I must admit, I'm at a loss to understand the myriad of technical failure issues to do with voting machines.
Look at it this way, the job they are doing is in effect a simple tallying process with a simple user interface, and some method of conveying the results back to one or more centralised points and in some cases give a receipt. There are any number of "self check out" systems for stores that do this job reliably day after day, so a voting machine should not realy be presenting any insurmountable technical problems within it's functional scope.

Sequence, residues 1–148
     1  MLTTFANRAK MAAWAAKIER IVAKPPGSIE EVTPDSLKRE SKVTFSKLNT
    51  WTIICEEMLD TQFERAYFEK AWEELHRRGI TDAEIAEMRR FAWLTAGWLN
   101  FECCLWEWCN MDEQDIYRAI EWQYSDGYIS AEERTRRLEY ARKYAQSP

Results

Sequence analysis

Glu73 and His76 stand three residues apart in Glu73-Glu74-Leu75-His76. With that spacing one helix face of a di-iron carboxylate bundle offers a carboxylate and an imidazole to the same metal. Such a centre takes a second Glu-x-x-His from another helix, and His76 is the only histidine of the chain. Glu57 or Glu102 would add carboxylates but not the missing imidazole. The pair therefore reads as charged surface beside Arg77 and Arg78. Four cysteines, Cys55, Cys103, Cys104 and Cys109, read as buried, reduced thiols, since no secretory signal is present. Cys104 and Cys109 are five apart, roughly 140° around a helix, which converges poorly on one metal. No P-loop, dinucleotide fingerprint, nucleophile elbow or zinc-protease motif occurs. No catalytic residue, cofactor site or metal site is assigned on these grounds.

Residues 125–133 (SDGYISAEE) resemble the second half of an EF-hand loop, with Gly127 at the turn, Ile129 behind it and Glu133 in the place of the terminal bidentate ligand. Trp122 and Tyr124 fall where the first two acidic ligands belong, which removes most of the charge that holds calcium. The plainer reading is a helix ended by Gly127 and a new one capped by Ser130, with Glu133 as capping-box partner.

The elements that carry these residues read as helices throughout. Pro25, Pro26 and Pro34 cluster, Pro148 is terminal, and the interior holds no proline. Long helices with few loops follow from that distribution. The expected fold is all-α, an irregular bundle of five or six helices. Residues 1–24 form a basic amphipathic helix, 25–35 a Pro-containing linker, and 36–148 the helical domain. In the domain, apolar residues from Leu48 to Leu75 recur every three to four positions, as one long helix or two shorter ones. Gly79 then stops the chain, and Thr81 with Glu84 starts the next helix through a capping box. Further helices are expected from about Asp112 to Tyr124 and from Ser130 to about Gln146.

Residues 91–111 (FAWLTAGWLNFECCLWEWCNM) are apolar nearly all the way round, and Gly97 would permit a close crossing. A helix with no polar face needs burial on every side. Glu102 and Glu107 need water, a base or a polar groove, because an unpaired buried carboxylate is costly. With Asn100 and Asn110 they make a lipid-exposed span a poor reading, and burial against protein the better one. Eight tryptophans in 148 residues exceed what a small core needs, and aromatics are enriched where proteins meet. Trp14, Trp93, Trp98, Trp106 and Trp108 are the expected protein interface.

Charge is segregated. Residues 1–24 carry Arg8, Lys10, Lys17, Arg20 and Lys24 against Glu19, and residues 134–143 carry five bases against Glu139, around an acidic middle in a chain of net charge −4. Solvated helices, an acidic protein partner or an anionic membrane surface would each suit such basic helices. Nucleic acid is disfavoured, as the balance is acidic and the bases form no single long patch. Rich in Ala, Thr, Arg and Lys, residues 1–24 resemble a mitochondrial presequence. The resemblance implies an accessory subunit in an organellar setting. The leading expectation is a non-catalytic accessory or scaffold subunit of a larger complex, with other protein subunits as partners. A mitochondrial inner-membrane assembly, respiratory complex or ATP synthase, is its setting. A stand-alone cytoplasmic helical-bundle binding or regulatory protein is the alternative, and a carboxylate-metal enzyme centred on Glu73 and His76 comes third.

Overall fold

That said however it might in this case be down to a human issue to do with re-installation and test after storage. Lets be honest these machines don't exactly get the best of treatment when not in use and those running them on the day in many places are volunteers with little training and to many other worries on the day.